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Saudi crown prince's visit to Kuwait 'fails' to address Gulf crisis amid tensions

Doha remains "open to dialogue" with the Saudis and its allies [Getty]

Date of publication: 1 October, 2018

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A meeting between Saudi Arabia's crown prince and the Kuwaiti Emir failed to address a diplomatic feud in the Gulf between Qatar and a Saudi-led bloc amid reports of tensions

A meeting between Saudi Arabia's crown prince and the Kuwaiti emir failed to address a diplomatic feud in the Gulf between Qatar and a Saudi-led bloc.

Sunday's state visit by Mohammed Bin Salman to Kuwait was marred by delays and a "tense atmosphere", The New Arab's Arabic-language service reported.

The heir to the Saudi throne was set to arrive in Kuwait City on Saturday but postponed the visit until Sunday and then delayed his meeting with Emir Sheikh Sabah al-Ahmad Al-Sabah until the evening.

"Bin Salman did not discuss the issues that were planned to be addressed, such as the Gulf crisis, forming an Arab-Gulf force to counter Iran and a jointly controlled oil field," the report said.

"All that happened was the two sides took part in a dinner banquet at Bayan Palace,"

Kuwaiti political sources said the delays were linked to attempts by Bin Salman to impose conditions on Kuwait in regards to its efforts to mediate the Gulf crisis, which had been rejected.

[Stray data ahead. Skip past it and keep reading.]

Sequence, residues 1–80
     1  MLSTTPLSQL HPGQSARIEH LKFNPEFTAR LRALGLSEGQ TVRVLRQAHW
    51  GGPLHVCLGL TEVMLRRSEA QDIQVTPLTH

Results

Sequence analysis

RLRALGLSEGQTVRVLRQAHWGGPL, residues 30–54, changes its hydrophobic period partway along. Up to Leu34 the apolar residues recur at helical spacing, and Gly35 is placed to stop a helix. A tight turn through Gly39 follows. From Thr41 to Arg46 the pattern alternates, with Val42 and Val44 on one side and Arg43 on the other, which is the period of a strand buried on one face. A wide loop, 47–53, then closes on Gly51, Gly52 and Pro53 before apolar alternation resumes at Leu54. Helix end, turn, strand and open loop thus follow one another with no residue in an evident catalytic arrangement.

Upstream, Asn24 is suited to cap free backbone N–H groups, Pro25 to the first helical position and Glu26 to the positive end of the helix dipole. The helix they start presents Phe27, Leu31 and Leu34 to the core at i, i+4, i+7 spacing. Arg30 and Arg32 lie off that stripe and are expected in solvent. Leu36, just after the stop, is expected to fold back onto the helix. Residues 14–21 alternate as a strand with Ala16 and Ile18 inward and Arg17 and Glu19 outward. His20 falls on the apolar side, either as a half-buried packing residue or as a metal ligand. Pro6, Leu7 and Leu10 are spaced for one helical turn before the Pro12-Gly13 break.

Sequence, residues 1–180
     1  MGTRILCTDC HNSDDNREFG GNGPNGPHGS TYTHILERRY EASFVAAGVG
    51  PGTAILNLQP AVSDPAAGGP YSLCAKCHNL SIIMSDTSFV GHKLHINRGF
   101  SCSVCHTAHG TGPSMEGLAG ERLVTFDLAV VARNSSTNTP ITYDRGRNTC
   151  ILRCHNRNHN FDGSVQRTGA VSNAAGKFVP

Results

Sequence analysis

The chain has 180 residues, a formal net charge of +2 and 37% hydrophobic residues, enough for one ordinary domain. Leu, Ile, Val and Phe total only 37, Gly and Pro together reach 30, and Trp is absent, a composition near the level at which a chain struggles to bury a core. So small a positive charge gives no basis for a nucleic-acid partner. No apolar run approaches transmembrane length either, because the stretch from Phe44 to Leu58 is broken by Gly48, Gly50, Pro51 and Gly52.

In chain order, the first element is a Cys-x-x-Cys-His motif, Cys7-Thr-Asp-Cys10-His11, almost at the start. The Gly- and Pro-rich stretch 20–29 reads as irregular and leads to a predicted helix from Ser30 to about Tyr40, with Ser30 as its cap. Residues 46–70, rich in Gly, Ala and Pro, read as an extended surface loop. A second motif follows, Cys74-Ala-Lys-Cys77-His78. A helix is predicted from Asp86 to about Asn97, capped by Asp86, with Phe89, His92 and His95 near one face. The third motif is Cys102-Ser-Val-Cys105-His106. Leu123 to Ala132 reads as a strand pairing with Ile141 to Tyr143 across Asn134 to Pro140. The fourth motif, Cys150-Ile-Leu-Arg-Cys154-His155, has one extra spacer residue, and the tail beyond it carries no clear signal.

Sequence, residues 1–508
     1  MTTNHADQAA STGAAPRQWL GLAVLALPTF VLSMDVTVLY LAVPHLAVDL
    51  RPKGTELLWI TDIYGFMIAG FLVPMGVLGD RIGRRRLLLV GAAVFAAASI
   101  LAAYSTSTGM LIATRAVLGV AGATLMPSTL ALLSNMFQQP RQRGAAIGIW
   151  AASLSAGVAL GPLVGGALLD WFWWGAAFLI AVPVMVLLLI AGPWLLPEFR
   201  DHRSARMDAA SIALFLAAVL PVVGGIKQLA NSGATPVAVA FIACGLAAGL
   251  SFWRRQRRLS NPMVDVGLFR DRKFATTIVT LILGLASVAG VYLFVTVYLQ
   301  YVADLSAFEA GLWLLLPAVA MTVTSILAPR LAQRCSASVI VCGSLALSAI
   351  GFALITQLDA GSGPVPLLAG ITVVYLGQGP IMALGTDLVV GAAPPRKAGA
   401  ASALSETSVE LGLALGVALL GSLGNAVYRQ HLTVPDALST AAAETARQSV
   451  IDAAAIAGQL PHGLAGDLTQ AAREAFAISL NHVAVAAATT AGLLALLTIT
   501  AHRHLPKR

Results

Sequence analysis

A tribal leader who attended the banquet told The New Arab that the atmosphere was "tense".

Saudi Arabia, the United Arab Emirates, Bahrain and Egypt launched a blockade on Qatar last June, cutting diplomatic ties with Doha.

Sheikh Sabah has played a pivotal role in attempting to mediate a resolution to the blockade of Qatar, but efforts have so far failed because of the Saudi-led bloc's intransigence.

On Friday, US Secretary of State Mike Pompeo brought the foreign ministers of Saudi Arabia and Qatar together for the first time since the feud erupted.

At the start of a meeting with counterparts from the six-nation Gulf Cooperation Council (GCC) along with allies Egypt and Jordan, Pompeo said that those present had "a shared interest in a wide range of security issues."

But speaking to reporters later, Qatar's foreign minister said there had been "no progress" in resolving the more than year-long spat, but said Doha remained "open to dialogue" with the Saudis and their allies.

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